3.3. Optimization of Conditions for TOF/MS

The low-energy channel acts as the first-order mass spectrometry, and the high-energy channel is used as the second-order mass spectrometry. The quasimolecular ion peaks of ten progestins were formed by the first-order mass spectrometry, and two daughter ions with high abundance were selected by the second-order mass spectrometry under the above conditions. The chromatographic retention time, quasimolecular ion peaks, and secondary ions of the compounds were used as identification characteristics. The optimized results are shown in Table 1. Figure 1 is the TOF mass spectra of 10 progesterone matrix standard solutions.

CompoundsFormulaExact massMother ions (m/z)Daughter ions (m/z)RT (min)

NorethisteroneC20H26O2298.1933299.1981231.1714, 281.18764.15
17α-hydroxyprogesteroneC21H30O3330.2195331.2245313.2140, 295.2004.64
D-methylnorethindroneC21H28O2312.2089313.2142245.1871, 295.20294.76
17α-hydroxyprogesterone acetateC23H32O4372.2301373.2391313.2151, 271.20954.87
MegestrolC22H30O3342.2195343.2242325.2208, 267.17885.00
MedroxyprogesteroneC22H32O3344.2351345.2393123.0765, 327.22945.28
Chlorprogestone acetateC23H29ClO4404.1754405.1806309.1852, 267.17045.43
Medroxyprogesterone acetateC24H34O4386.2454387.2521327.2306, 123.08205.50
Melengestrol acetateC25H32O4396.2301397.2343279.1719, 337.22005.59
ProgesteroneC21H30O2314.2246315.2287109.0609, 297.21795.64

3.4. Method Validation

Because of the complexity of the sample matrix, matrix effect exists in sample matrix, which can inhibit mass spectrometry signal. Standard solution can be diluted by matrix blank solution to eliminate matrix interference. Taking the concentration of hormone as abscissa and the peak area of hormone as ordinate, the standard curve was drawn, and the linear equation and correlation coefficient were obtained. The linear range of the standard curve is 10–500 ng/mL. As can be seen from Table 2, good linear determination coefficients (R2 > 0.995) of the calibration curves were obtained for all the analytes, and low LOD and LOQ values were achieved in range of 0.23–0.66 ng/g and 0.77–2.20 ng/g for selected analytes, respectively.

CompoundsLinear equationsR2LOD (ng/g)LOQ (ng/g)

Norethisteroney = 184.1x + 21650.9950.230.77
17α-hydroxyprogesteroney = 135.3x + 439.80.99904031.77
D-methylnorethindroney = 156.6x + 14250.9950.521.72
17α-hydroxyprogesterone acetatey = 152.3x + 17070.9970.341.12
Megestroly = 185.8x + 418.20.9990.662.20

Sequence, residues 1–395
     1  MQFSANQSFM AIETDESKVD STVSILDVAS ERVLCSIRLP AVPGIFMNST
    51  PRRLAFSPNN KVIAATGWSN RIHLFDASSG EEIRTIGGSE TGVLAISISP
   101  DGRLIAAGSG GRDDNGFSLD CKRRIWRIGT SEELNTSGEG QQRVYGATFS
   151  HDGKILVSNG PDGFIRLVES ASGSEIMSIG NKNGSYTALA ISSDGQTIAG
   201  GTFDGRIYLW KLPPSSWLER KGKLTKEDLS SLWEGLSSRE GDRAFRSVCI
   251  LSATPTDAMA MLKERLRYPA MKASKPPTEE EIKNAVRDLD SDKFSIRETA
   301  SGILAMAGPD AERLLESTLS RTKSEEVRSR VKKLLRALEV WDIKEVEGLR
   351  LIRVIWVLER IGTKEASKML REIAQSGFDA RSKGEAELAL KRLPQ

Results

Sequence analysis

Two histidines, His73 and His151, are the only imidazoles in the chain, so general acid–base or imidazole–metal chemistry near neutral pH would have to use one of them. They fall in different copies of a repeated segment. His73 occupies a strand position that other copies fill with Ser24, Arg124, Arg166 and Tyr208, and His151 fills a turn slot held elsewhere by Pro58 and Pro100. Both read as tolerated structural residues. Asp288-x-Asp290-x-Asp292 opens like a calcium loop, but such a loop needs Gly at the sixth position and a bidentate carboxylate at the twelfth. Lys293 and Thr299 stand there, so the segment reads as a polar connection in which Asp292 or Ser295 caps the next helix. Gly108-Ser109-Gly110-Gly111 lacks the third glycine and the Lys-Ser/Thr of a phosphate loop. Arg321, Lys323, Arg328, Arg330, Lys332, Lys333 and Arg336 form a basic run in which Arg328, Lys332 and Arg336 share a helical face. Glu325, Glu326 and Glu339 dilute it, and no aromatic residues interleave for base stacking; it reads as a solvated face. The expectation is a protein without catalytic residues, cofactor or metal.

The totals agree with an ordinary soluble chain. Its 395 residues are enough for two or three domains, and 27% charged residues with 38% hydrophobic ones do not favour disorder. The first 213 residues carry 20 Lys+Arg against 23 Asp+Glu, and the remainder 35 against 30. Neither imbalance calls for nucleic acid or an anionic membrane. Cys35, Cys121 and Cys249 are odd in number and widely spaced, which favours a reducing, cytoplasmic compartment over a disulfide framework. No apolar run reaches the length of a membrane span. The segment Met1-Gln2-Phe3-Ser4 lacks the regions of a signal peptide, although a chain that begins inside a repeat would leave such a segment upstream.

Medroxyprogesteroney = 158.9x + 439.70.9990.270.91
Chlorprogestone acetatey = 77.1x + 6980.9970.321.05
Medroxyprogesterone acetatey = 198.7x + 14680.9980.371.22
Melengestrol acetatey = 137.3x + 11130.9980.521.73
Progesteroney = 168.9x + 12660.9990.280.92

The blank grass carp meat was used as the substrate, and 5 ng/g, 10 ng/g, and 20 ng/g were added to the weighted substrate, respectively. Seven parallel tests were conducted at each level to determine the recovery and precision of the standard addition. The results are shown in Table 3. The recovery rate is 85.71–117.08%, and the relative standard deviation is 2.66–8.83%. At the same time, the quality control sample recovery rate and other indicators all reach the analysis requirements, indicating that the results are accurate and reliable.

Spiked level compounds5 ng/g10 ng/g20 ng/g

17α-hydroxyprogesterone acetate91.733.8395.714.01108.966.18
Chlorprogestone acetate96.427.95109.652.6697.187.59
Medroxyprogesterone acetate87.978.3091.247.31107.596.33
Melengestrol acetate89.568.5999.977.2291.408.83

4. Conclusions

The improved QuEChERS method was used for sample pretreatment and ultra-performance liquid chromatography quadrupole time-of-flight mass spectrometry (UPLC-Q-TOF-MS) for the determination of 10 kinds of progesterone. The method was rapid and stable and could be used for the simultaneous determination of 10 kinds of progesterone in fish meat.

This method provides a strong guarantee to deal with food emergencies for the laboratory, provides technical support for the screening and quantitative detection of progesterone in freshwater fish, and provides technical support for the food safety of aquatic products.

Data Availability

The data used to support the findings of this study are included within the article.

Conflicts of Interest

The authors declare that they have no conflicts of interest.


This work was supported by the Beijing Natural Science Foundation (2152013), State 863 Program (2015AA020200), and College Students’ Scientific and Technological Innovation Project (201811417SJ109 and 201811417XJ170).